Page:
Both of these compounds, generally used for exfoliation, anti aging, and acne treatments, are considered unsafe for pregnancy. Salicylic used in high doses have been shown to cause birth defects and pregnancy complications.

Same goes for retinoids, as they have been linked directly to miscarriages and birth defects. Look for and avoid other names such as beta hydroxy acids or BHA, which are all salicylic acid. Retinoids are commonly listed as: retinol, tretinoin (retinoic acid, retin-A), isotretinoin, and alitretinoin.

Safe Beauty Rituals for Pregnancy

Now that we’ve covered the don'ts, let’s highlight the dos. All of these tips are not only safe, but highly encouraged throughout your pregnancy to make sure that you and your little one are getting all the primp and pamper you deserve!

For Reducing the Appearance of Stretch Marks:

As your belly bump and breasts grow, stretch marks are likely to form. To help reduce the appearance of these marks, stay hydrated, eat a nutrient-rich diet, incorporate dry brushing, and keep your skin moisturized throughout the day, preventing these nuisances from leaving their mark.

We love recommending our Radiant Skin Silk Body Lotion, a silky rich blend of deeply moisturizing oils. We also love our Coconut Body Oil, best slathered on right after the shower, when your skin is still damp. The healthy saturated fats in coconut oil help.

For Oily Skin:

When it comes to pregnancy, every woman’s skin reacts differently. You may get that pregnancy glow or you may develop more oily skin. Not to fear, Annmarie Skin Care is here!

For oily skin types, our line contains active, supportive, and balanced formulas. Our Citrus Mint Facial Cleanser is an excellent first step to removing oils and impurities on the skin. Next, our Rosemary Toning Mist offers a refreshing and medicinal spritz for the face. Rosemary is naturally purifying and cleansing.

For a moisturizer, we recommend topping this skin care routine off with our Herbal Facial Oil for Oily Skin. This targeted facial oil contains cleansing herbs to help control oily skin and prevents pores from clogging.

For Aromatherapy:

Essential oils are somewhat of a controversial subject. Most essential oils are generally safe to use while pregnant. They are not recommended for use undiluted directly on the skin, however. They are very powerful plant extracts, so we suggest speaking to your midwife or health care professional if you are unsure about essential oils.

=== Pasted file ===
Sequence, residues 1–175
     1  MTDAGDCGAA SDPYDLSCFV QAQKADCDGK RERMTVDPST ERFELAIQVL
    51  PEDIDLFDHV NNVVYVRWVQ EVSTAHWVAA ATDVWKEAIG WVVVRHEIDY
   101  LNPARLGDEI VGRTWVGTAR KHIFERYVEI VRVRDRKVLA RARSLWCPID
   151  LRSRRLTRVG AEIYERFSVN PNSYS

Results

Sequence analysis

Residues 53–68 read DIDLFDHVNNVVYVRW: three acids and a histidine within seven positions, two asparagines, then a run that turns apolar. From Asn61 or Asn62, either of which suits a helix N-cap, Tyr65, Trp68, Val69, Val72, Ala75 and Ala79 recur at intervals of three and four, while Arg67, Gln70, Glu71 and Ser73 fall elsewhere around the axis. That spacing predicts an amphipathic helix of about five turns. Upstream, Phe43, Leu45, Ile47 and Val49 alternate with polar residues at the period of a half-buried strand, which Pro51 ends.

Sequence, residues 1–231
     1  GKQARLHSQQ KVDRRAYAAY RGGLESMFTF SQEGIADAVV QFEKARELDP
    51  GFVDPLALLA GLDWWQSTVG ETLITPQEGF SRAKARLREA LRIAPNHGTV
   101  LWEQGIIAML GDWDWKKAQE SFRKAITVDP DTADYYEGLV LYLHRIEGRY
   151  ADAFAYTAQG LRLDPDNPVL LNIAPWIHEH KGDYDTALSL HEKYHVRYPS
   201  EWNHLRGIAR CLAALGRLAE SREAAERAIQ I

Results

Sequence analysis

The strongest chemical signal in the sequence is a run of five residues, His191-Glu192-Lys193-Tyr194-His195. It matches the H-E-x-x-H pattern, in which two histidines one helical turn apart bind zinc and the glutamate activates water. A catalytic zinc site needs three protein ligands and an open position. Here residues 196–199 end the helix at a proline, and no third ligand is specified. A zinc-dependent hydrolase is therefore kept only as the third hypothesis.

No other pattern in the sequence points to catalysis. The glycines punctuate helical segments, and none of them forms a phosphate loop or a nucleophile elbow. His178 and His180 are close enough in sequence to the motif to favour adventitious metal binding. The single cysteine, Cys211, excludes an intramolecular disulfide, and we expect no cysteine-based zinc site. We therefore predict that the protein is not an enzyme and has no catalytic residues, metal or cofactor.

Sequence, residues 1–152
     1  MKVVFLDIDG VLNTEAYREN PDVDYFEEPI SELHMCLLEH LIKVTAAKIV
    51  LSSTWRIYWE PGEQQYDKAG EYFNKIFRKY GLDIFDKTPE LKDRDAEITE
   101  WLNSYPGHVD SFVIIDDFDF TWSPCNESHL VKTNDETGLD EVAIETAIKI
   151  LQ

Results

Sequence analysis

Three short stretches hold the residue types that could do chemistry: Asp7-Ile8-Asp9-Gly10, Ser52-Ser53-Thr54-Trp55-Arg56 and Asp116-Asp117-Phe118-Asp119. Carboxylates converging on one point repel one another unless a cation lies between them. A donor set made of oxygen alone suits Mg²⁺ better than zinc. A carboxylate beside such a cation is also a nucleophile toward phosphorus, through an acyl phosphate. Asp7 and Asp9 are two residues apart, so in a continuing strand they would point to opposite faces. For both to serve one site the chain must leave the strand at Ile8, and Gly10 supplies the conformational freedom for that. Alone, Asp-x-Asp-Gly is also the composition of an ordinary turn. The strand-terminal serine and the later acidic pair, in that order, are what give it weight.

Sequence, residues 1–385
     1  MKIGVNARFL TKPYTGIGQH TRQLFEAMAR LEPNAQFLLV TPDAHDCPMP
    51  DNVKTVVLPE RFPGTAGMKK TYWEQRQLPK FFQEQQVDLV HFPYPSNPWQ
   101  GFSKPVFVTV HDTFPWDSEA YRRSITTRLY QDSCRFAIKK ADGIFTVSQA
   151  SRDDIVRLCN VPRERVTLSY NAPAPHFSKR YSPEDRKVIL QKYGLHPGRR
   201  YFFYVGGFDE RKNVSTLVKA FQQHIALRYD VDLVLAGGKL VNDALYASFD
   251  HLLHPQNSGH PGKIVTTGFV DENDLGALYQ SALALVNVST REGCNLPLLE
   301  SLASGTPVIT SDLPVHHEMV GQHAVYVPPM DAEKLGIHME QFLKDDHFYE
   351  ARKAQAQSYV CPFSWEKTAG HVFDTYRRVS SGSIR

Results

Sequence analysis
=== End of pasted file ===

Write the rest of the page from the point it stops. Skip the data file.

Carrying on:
Pregnancy safe options:

There are several pregnancy-safe options, including: lavender, neroli, eucalyptus, sandalwood, patchouli, geranium, frankincense, bergamot, tea tree oil (not in labor), and spearmint.

Avoid these:

Those that are not considered safe are those that are emmenagogues (menstruation promoters), including: cedarwood, chamomile, clary sage, ginger, jasmine, juniper, marjoram, myrrh, peppermint, rose, and cinnamon.

Essential oils are wonderful diluted in a nice, warm bath. Doesn’t that sound heavenly?

Are Annmarie Skin Care Products Safe During Pregnancy?

Yes, our products are safe to use during pregnancy.

Common questions we’ve received from our customers are either regarding the white willow bark in our Herbal Facial Oil for Oily Skin or the use of essential oils throughout.

Willow bark and salicylic acid

Willow bark is a natural source of salicylic acid. We use willow bark as one of the herbs included in the herb/oil infusion, but our infusions are kept at such low temperatures that it would require a temperature above 95 degrees fahrenheit to extract the active components of salicylic acid to release into the oil infusion.

Even if there were actives released into the oil, it would still be a minute amount given the actual amount of herb that is in the overall oil for diffusion. (These are very large batches!)

summer beauty essentials EOs

essential oils

As for essential oils, some herbalists usually recommend pregnant women stay away from pure essential oils (on their own), but it's a different story when they're blended because you're not inhaling that particular “harmful” oil directly, nor are you putting a significant amount on your skin.

Also, to help set your mind at ease, many of the toxicological studies done on herbs are looking for a toxic ceiling—not the minute amount we have in our products.